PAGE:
There’s a pleasant, old-fashioned feel to Alpha.
Each day during this special week we will be highlighting the filmmakers and actors that Roger championed throughout his career. A table of contents for all of our "Roger's Favorites" posts can be found here. Below is an entry on actors John and Joan Cusack.
Roger spotted John Cusack’s potential when the actor took on his first lead role in 1985’s “The Sure Thing,” citing the film’s “gifted young actors, Cusack and [Daphne] Zuniga,” in his three-and-a-half star review. Yet it was Cameron Crowe’s 1989 film, “Say Anything,” that won him over entirely, earning four stars from the critic. He wrote in his 2002 Great Movies essay that “Say Anything” depends on “the human qualities of its actors. Cusack and [Ione] Skye must have been cast for their clear-eyed frankness, for their ability to embody the burning intensity of young idealism.” He later hailed the film as “one of the best movies ever made about teenagers.”
After giving Stephen Frears’ 1990 crime drama, “The Grifters,” four stars, praising its “insidiously powerful” performances, and singling out John as the film’s “sympathetic center,” he sat down with the actor for an interview, and noted that he was much taller and more serious than he seemed onscreen. “In his face you can see an echo of the greatest of all film noir actors, Robert Mitchum,” Roger wrote, affirming him as one of the best actors of his generation. John would live up to that promise in numerous subsequent roles that Roger awarded with three-and-a-half stars, such as Woody Allen’s “Bullets Over Broadway” (1994), Don Bluth and Gary Goldman’s “Anastasia” (1997) and Menno Meyjes’s “Max” (2002), in which the actor portrayed an art dealer and friend of Hitler as “a man of empathy.”
John had the lead role in Spike Jonze’s 1999 debut, “Being John Malkovich,” a film that earned a rapturous four-star review from Roger, and ended up at the top of his Top Ten List that year. Even in films that Roger didn’t recommend, the critic found a great deal worth recommending about John’s work. In his two-and-a-half star review of “Grosse Point Blank” (1997), Roger wrote, “John Cusack is one of those rare actors who can convincingly look as if he is thinking about words of many syllables.” And in his two-star review of “Must Love Dogs” (2005), Roger wrote that John has “a gift of intelligent speech that no doubt inspires discerning women to let him know, one way or another, that he can have his way with them if he will just keep talking.” Roger also admired how John projected “tenderness and kindness” in films such as 2007’s “Grace is Gone,” where he portrayed a widowed father. In his three-star review, Roger wrote that John delivered a great performance that was better than the movie that contained it.
Perhaps Roger’s most personal reaction to one of John’s films occurred in his four-star review of the Chicago-set comedy, “High Fidelity,” which re-teamed the actor with his “Grifters” director, Stephen Frears. Roger wrote that the characters were so recognizable, that he felt that he “could walk out of the theater and meet the same people on the street—and want to, which is an even higher compliment.” He said that the film perfectly captured the “alternative-lifestyle industry” of communities like Wicker Park, where the film was shot, and that John’s character was “someone I have known all my life. He is assembled out of my college friends, the guys at work, people I used to drink with.”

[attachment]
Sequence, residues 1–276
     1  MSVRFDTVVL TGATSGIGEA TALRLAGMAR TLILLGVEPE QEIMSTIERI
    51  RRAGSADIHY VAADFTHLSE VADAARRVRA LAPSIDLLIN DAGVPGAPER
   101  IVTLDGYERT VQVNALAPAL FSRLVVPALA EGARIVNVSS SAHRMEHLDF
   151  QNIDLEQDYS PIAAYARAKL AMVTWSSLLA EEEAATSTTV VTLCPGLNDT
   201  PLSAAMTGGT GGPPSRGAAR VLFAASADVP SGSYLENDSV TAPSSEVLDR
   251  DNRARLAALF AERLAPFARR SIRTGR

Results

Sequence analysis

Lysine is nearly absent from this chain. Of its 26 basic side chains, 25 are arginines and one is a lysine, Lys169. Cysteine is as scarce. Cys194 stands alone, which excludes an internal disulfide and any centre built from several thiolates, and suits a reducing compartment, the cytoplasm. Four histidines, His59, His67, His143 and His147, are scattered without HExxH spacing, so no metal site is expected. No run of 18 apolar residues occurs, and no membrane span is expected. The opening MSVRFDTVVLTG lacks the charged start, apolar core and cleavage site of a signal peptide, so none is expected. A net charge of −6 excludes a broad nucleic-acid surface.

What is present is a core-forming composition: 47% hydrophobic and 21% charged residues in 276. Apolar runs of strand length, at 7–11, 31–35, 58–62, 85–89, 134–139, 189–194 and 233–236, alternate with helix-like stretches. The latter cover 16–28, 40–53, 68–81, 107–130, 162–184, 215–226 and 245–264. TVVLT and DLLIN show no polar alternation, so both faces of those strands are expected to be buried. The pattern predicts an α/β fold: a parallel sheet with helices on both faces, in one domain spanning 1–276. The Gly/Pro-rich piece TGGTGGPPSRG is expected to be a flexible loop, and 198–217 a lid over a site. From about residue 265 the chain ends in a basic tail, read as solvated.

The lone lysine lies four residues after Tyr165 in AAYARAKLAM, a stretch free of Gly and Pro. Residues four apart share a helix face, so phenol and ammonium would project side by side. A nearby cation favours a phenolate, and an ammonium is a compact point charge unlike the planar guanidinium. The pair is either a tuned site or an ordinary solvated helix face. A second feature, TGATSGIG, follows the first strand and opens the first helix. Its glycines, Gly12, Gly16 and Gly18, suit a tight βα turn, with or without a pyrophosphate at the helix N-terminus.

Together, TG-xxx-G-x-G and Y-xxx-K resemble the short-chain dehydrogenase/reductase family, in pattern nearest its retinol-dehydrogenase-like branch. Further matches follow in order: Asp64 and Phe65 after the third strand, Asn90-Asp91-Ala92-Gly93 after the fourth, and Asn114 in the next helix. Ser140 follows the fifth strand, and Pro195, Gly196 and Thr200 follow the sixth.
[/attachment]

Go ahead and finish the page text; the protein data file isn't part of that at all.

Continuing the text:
The critic also had plenty of praise-worthy things to say about John’s sister, Joan Cusack, granting two of her early films, “Broadcast News” (1987) and “Working Girl” (1988), four stars. The latter film, directed by Mike Nichols, earned Joan her first Oscar nomination for Best Supporting Actress, and she would be nominated again nearly a decade later for her scene-stealing role in Frank Oz’s “In & Out” (1997), where Roger noted she was “well-matched” with her co-star, Kevin Kline. Roger hailed her as “a natural comedian” in “Addams Family Values” (1993), and often found her roles a welcome addition to any given film. She brought “new life” to the cast of “Toy Story 2” (1999) “by confronting the others for the first time with a female character who's a little less domestic than Mrs. Potato Head.” She also “navigated around the cliches” of “My Sister’s Keeper” (2009), and subverted the stereotype of school principals as being “standard old prunes” in “School of Rock” (2003). Her character, Roger wrote, was “a good soul who loves her school and has been rumored of being capable, after a few beers, of getting up on the table and doing a Stevie Nicks imitation.”
At the memorial ceremony held for Roger at the Chicago Theatre soon after his death, John and Joan appeared onstage together and honored the critic’s legacy in warmhearted and amusing fashion. After Joan read a letter sent directly from President Barack Obama and First Lady Michelle Obama, John reflected on the impact Roger had on the film industry. “He was always supportive of artists and he always gave you a fair shake, and I always saw him in that Chicago tradition of Studs Terkel and Mike Royko,” John said. “When he was reviewing your film, his writing would be better than the writing in the film. It’s annoying how good of a writer he was.”
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